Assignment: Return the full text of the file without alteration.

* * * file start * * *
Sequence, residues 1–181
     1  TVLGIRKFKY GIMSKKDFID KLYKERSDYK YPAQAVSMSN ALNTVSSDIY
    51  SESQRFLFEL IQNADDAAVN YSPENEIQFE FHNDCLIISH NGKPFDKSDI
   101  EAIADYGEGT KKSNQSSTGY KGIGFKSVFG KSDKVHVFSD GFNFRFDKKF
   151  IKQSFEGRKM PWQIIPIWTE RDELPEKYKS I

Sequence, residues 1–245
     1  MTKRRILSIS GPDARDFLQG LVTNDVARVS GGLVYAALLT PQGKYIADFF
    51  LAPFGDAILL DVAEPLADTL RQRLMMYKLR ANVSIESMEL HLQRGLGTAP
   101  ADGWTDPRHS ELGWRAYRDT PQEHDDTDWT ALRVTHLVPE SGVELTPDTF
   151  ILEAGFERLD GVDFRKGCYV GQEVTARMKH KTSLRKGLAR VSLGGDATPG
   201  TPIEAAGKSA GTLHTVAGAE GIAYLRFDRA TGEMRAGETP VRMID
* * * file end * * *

Sequence, residues 1–181
     1  TVLGIRKFKY GIMSKKDFID KLYKERSDYK YPAQAVSMSN ALNTVSSDIY
    51  SESQRFLFEL IQNADDAAVN YSPENEIQFE FHNDCLIISH NGKPFDKSDI
   101  EAIADYGEGT KKSNQSSTGY KGIGFKSVFG KSDKVHVFSD GFNFRFDKKF
   151  IKQSFEGRKM PWQIIPIWTE RDELPEKYKS I

Sequence, residues 1–245
     1  MTKRRILSIS GPDARDFLQG LVTNDVARVS GGLVYAALLT PQGKYIADFF
    51  LAPFGDAILL DVAEPLADTL RQRLMMYKLR ANVSIESMEL HLQRGLGTAP
   101  ADGWTDPRHS ELGWRAYRDT PQEHDDTDWT ALRVTHLVPE SGVELTPDTF
   151  ILEAGFERLD GVDFRKGCYV GQEVTARMKH KTSLRKGLAR VSLGGDATPG
   201  TPIEAAGKSA GTLHTVAGAE GIAYLRFDRA TGEMRAGETP VRMID